Forage minute |

Forage minute


A couple of weeks ago, I talked about the importance of planning for cool-season annual forages and the same applies for summer annual forages. Taking care of this early could save you some money on seed or ensure that you get what you want.

Your plans should include whether you plan to hay this forage or have it for extra grazing? But which one will you plant?

It can be confusing because there are six different types of major summer annual forage grasses. These include: sudangrass, sorghum-sudan hybrids, forage sorghum (which we often call cane or sorgo), foxtail millet, pearl millet, and teff. Each one has its own strengths and weaknesses. So, base your choice primarily on how you plan to use it.

For pasture, sudangrass or pearl millet are good choices. Both are leafy, they regrow rapidly, and they contain less danger from prussic acid poisoning than other annual grasses.

For hay or green chop, select sorghum-sudan hybrids or pearl millet because they yield well and they have good feed value when cut two or three times. On sandy soils, or when conditions are dry, foxtail millet may be a better choice for summer hay. It dries fast, doesn’t regrow after cutting, and handles dry soils well. Cane hay is grown in many areas and produces high tonnage, but it’s lower in feed value and dries more slowly after cutting than the hybrids or millets. Or you could choose teff for a really soft, leafy, high quality horse hay.

If the plan is to chop for silage, choose the forage sorghums, especially hybrids with high grain production. They can’t be beat for tonnage or for feed value.

While there are several choices of summer annual forages, simply select the one that is best adapted to the way you plan to use it.


To counter high fertilizer prices, producers may consider planting a crop with lower fertility needs or utilizing an alternative fertility treatment. One good option is combining both by spreading manure on a field about to be seeded to alfalfa.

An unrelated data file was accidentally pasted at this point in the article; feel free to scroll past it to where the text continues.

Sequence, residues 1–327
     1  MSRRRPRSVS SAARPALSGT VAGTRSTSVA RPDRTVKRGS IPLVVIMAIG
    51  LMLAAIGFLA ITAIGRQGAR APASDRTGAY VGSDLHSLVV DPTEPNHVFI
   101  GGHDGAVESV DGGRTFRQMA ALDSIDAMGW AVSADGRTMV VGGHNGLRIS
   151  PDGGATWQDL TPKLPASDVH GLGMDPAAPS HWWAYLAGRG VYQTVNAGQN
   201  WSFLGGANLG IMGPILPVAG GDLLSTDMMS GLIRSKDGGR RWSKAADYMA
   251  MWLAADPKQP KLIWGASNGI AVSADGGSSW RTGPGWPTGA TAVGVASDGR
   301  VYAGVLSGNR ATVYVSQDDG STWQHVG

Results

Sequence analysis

Applying manure before seeding alfalfa may seem counterproductive since alfalfa is not likely to benefit from any nitrogen in the manure. But manure also is rich in phosphorus, potassium, sulfur, and many micronutrients that alfalfa needs in large quantities.

Research studies show that applying as much as 12,000 gallons or 50 tons of dry manure per acre before planting alfalfa can boost alfalfa yield more than commercial fertilizers at the same nutrient levels. This yield bump is seen on both low and high fertility soils, where sometimes higher fertility soils do not respond to commercial fertilizer. Other factors like improved soil tilth, increased soil microbial activity, micronutrients, and early nitrogen availability may be the reason manure increases alfalfa yield so well.

Do not heavily apply manure prior to alfalfa seeding if you also plant a companion crop like oats that you plan to harvest for grain. It is likely to lodge and smother the young alfalfa plants, if not cut early for hay. To limit ruts and deep compaction during manure application, avoid driving on wet field with heavy equipment

Before applying, soil test and a manure test to determine application rates. Mix manure well into the soil using tillage, to prepare a firm seedbed; so new alfalfa seedlings will emerge rapidly and vigorously. Plan your weed control program carefully since manure can stimulate weed seedlings. Proper timing of seeding, firm seedbeds, and herbicides or clipping can control weed pressure.

Looking to cut fertilizer costs? A heavy dose of manure before planting alfalfa can pay big dividend


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